The U.S. Supreme Court has paved the way for the FCC to relax some of its media ownership rules, reversing a lower court ruling that the commission did not take sufficient steps to study the effect of changes on women and minority owners.
The nation’s high court unanimously agreed to reverse the 2017 decision by the Third Circuit court of appeals. Justice Brett Kavanaugh penned the opinion issued Thursday. Public interest groups challenged the FCC’s move in 2017 on the grounds that the process of changing three existing rules violated the federal Administrative Procedures Act. The petitioners led by Prometheus Radio Project argued that the commission relied on flawed data to make its rule revisions.
More from Variety
“In light of the sparse record on minority and female ownership and the FCC’s findings with respect to competition, localism, and viewpoint diversity, we cannot say that the agency’s decision to repeal or modify the ownership rules fell outside the zone of reasonableness for purposes of the APA,” Kavanaugh wrote.
“In short, the FCC’s analysis was reasonable and reasonably explained for purposes of the APA’s deferential arbitrary-and-capricious standard. The FCC considered the record evidence on competition, localism, viewpoint diversity, and minority and female ownership, and reasonably concluded that the three ownership rules no longer serve the public interest,” he wrote. “The FCC reasoned that the historical justifications for those ownership rules no longer apply in today’s media market, and that permitting efficient combinations among radio stations, television stations, and newspapers would benefit consumers. The Commission further explained that its best estimate, based on the sparse record evidence, was that repealing or modifying the three rules at issue here was not likely to harm minority and female ownership. The APA requires no more.”
The court’s decision will surely be a boon to broadcast groups including Nexstar Media, Sinclair Broadcast Group and Hearst. The rules in question govern the number of TV stations that a single entity can own in a single market.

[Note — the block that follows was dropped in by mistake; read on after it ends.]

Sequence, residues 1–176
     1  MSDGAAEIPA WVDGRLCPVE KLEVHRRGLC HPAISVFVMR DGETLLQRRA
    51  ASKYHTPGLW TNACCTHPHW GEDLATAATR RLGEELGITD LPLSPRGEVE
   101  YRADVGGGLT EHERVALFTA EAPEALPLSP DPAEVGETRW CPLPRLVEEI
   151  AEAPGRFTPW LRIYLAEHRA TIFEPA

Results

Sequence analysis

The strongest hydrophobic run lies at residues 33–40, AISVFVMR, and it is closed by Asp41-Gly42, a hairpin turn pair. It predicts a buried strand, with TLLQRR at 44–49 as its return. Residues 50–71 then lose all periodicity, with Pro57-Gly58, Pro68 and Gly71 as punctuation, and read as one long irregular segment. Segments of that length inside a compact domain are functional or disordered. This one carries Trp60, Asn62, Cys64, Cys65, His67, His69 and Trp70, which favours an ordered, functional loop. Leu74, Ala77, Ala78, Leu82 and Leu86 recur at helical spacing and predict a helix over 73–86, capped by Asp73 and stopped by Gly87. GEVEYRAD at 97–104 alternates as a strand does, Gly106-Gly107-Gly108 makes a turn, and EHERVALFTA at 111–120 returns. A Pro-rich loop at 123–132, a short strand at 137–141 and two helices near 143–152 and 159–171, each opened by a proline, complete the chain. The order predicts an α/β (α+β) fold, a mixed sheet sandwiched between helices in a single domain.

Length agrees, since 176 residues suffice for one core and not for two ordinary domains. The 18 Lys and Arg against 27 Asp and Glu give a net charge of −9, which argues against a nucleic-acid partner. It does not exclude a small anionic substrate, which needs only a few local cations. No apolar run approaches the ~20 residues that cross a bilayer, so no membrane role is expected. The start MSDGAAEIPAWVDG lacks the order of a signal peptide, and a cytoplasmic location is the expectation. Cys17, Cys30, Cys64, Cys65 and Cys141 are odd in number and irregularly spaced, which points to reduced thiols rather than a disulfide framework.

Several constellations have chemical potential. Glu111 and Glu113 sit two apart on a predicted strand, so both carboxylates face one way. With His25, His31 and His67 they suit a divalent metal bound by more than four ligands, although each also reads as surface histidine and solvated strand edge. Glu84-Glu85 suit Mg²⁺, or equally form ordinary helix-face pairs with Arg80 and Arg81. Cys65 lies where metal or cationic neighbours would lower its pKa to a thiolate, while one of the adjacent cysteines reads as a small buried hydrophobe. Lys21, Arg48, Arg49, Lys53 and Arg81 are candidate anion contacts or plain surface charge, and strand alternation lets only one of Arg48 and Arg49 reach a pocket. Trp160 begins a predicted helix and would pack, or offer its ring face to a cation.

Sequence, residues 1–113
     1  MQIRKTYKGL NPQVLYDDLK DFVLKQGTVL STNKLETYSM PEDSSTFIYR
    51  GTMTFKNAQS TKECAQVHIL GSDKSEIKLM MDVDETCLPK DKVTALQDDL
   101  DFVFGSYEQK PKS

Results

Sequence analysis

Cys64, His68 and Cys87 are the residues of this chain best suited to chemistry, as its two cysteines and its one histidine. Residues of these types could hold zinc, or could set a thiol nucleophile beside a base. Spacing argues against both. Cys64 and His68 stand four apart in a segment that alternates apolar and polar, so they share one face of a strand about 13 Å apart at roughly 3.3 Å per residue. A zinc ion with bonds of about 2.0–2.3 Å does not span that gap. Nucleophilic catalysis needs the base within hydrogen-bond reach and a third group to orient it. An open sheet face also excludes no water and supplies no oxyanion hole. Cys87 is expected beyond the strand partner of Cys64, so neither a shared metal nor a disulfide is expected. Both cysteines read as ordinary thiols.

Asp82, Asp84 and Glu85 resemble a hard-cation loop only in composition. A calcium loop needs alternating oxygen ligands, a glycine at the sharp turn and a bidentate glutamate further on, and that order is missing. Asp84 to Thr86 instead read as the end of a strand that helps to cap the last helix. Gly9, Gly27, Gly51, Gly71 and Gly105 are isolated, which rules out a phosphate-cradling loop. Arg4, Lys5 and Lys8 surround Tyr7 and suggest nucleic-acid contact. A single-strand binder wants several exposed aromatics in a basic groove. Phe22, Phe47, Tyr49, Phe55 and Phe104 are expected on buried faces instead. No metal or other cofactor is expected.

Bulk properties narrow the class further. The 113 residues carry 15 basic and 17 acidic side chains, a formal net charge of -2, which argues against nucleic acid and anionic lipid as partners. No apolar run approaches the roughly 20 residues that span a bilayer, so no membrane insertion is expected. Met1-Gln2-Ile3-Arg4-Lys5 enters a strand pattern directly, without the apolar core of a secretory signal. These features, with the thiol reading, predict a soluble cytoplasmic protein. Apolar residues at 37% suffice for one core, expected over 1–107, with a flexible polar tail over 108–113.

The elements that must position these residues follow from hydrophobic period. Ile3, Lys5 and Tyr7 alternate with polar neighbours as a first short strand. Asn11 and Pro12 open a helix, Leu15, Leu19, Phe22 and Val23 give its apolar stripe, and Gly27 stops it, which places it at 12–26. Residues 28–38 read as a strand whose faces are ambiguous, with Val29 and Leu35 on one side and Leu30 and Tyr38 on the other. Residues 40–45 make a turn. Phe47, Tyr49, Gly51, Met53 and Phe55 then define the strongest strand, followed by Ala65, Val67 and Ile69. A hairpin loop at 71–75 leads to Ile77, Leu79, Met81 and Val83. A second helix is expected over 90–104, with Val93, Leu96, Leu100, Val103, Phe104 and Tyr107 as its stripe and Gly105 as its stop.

The FCC moved to make it easier for companies to own more than one station in a market. Previously the rules barred any company from owning two stations in a market if there were less than eight other independently operated stations in the Nielsen-designated DMA.
Kavanaugh’s opinion sided strongly with the FCC in questioning the need for ownership rules designed for a very different media landscape as it operated decades ago.
“In analyzing whether to repeal or modify its existing ownership rules, the FCC considered the record evidence and reasonably concluded that the three ownership rules at issue were no longer necessary to serve the agency’s public interest goals of competition, localism, and viewpoint diversity, and that the rule changes were not likely to harm minority and female ownership,” he wrote.
Sinclair Broadcast Group’s stock price shot up 4.3% in early trading Thursday, buoyed by the news that should allow the company to buy more stations. Nexstar shares climbed 3%.
The National Association of Broadcasters applauded the high court’s decision.
“NAB commends today’s unanimous decision by the Supreme Court that the FCC’s recent and long-overdue modernization of its broadcast ownership regulations was lawful and appropriate,” NAB president Gordon Smith said. “It is critical that the Commission continue to examine its media ownership rules to ensure that America’s broadcasters are able to compete and meet the needs of local communities across the nation in today’s media landscape.”
Common Cause, one of the consumer watchdog groups that supported the Prometheus case, said the technicalities of the ruling leaves the door open for future changes to media ownership rules. By law, the FCC has to review those rules every four years.
Michael Copps, former FCC commissioner, expressed hope that the Biden administration would set a new regulatory tone for the FCC.
“We are confident that the FCC under the current administration will act quickly to develop strong media ownership rules in the public interest, collect, study, and analyze accurate ownership data, and promote ownership diversity,” Copps said. “Unlike the FCC under the Trump administration, this FCC will not ignore the rule of law and its own policy objectives to appease media conglomerates pushing for more consolidation.”
Best of Variety